Showing the ability that fans in Albuquerque remember, Walla went 4-for-7, homered twice and drove in three runs in Class-A Wisconsin’s extra-inning loss to Lake County. For Walla, Friday’s performance was just another sign that the 21-year-old outfielder is getting comfortable with playing professional baseball.
“I’ve had a few speed bumps so far, but it’s going pretty well,” Walla said. “I’m definitely making strides and getting better.”
Among those speed bumps was a broken finger that delayed his Class-A debut and possibly led to some of his early struggles this year. But after hitting .238 in the first half of the season, Walla is healthy and hitting .297 in July. His two home runs Friday matched his total during the first three months of the season. Walla, who had 19 RBIs and nine extra-base hits in his first 52 games, has driven in 10 runs and has five extra-base hits in the 16 games since the All-Star break.
“Hopefully I can bring my average up. Anything over .270 would be great,” Walla said. “I’m just trying to get better and hopefully hit for some power.”
Walla is not only getting comfortable at the plate and in the field, he’s also getting accustomed to the grind of minor league baseball.
“You basically get one off day a month. When you mix in road trips with that, it’s hard,” Walla said. “We just had a nine-hour bus ride the other morning and then played a game. It’s definitely easy to get caught up in how fast it goes. The first half of the season flew by. You just have to try to catch your breath every once in a while.”
Walla was drafted out of Albuquerque Academy and signed with the Brewers. He had signed a letter of intent to play at Oklahoma State, but the Brewers made him an offer he couldn’t refuse. In addition to a $499,000 signing bonus, the Brewers gave Walla the chance to still pursue an education and college degree when his playing days come to an end.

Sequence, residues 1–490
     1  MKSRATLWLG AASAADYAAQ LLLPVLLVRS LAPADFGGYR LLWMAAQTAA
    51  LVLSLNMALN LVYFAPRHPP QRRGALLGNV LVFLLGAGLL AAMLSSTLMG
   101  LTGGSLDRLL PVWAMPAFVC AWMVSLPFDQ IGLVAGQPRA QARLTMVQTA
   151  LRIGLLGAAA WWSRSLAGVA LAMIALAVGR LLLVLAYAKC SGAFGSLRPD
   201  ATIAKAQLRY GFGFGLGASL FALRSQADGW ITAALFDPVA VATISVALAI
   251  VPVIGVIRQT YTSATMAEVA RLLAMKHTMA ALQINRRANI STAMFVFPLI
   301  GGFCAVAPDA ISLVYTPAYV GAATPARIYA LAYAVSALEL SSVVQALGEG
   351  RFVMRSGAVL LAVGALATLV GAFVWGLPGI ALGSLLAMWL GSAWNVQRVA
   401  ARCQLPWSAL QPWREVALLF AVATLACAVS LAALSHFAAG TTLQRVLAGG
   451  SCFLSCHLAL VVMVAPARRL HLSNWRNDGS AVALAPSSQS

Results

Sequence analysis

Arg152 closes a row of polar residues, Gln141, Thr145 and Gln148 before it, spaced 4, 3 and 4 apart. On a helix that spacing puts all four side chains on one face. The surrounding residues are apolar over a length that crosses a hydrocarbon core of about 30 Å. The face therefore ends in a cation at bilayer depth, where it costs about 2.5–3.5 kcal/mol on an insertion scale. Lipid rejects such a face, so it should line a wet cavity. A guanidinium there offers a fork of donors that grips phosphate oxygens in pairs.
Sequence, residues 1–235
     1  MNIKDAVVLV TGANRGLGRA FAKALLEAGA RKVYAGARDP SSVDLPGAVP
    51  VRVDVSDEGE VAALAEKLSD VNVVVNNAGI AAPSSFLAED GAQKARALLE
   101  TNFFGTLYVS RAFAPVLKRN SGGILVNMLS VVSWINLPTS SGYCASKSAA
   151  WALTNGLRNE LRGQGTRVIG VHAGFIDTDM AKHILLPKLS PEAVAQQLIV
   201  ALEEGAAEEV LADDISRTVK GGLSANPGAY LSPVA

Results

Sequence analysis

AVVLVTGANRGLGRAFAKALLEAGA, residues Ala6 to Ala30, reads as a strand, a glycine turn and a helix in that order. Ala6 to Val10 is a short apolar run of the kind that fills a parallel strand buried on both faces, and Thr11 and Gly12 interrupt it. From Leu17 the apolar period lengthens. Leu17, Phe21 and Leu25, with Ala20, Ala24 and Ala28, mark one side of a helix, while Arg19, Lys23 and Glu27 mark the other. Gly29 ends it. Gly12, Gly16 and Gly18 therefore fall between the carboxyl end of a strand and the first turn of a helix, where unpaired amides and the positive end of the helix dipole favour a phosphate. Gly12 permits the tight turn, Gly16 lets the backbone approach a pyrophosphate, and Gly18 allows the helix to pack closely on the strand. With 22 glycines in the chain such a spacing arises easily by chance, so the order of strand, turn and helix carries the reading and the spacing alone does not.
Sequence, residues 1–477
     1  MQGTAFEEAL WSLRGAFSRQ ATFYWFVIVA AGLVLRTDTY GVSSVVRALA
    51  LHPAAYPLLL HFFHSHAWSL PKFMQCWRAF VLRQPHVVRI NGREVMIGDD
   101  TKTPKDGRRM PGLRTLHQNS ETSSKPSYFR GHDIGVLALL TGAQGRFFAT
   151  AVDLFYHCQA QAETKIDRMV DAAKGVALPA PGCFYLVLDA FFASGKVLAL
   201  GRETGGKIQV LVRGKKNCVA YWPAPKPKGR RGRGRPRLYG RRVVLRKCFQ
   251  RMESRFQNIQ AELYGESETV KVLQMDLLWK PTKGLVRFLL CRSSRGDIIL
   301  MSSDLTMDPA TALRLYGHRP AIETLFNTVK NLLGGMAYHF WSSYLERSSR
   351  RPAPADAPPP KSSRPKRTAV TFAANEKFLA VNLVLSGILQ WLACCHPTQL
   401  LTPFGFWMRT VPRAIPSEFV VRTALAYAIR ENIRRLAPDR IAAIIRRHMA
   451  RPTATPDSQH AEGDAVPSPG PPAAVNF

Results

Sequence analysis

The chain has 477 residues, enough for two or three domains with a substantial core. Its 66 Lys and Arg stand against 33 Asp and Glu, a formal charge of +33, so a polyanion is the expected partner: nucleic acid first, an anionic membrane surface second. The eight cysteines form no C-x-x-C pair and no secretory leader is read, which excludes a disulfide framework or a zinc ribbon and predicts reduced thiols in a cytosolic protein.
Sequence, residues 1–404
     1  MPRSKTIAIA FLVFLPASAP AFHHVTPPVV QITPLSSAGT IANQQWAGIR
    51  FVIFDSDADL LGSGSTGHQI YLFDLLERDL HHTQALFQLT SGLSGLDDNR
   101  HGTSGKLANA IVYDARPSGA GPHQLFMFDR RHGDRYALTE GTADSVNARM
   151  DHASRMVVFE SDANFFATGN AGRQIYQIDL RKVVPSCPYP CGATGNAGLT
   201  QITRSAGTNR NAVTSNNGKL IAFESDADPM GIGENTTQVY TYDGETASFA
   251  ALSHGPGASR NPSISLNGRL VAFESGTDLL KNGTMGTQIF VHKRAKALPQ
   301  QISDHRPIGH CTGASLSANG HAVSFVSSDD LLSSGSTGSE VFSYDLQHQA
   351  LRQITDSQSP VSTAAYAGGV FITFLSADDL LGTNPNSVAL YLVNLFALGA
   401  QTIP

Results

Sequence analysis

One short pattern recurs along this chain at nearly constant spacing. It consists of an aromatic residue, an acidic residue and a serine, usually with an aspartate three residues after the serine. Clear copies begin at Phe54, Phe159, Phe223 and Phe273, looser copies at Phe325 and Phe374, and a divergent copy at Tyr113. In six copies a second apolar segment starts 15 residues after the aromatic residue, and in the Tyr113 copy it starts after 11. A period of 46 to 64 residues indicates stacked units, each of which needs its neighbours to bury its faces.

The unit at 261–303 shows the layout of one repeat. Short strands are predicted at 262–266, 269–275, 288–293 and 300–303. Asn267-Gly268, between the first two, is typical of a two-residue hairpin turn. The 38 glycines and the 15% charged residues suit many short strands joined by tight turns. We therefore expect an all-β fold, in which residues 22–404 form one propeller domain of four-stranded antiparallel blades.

“For me, it wasn’t really that tough of a decision (to sign),” Walla said. “All the scouts come through and they ask what you’ll sign for and what you’re signability is like, so they know what to expect. For me, it was more about a team willing to put an investment in me and take a chance on me. I wanted to hit with a wood bat as soon as possible. Overall, it was a pretty good decision for me. They took me where I wanted to go and gave me an opportunity.
“The biggest thing for me was they offered to pay for school when I’m done with baseball. On top of my bonus, if I go to school within two years of not playing anymore they’ll pay for it.”
Of course, Walla hopes his playing days continue for a long while. And while reaching the majors is obviously his goal, Walla is enjoying his time riding buses across the Midwest and working on his game.
“You never know when they’re going to call you up so you just have to keep playing and trying to get better,” Walla said. “You just need to focus on an immediate goal and stay focused on the here and now. I’m just going to play as long as I can and as hard as I can. Baseball is the same game no matter where you play it. I just want to keep playing the game the right way.”
— This article appeared on page D2 of the Albuquerque Journal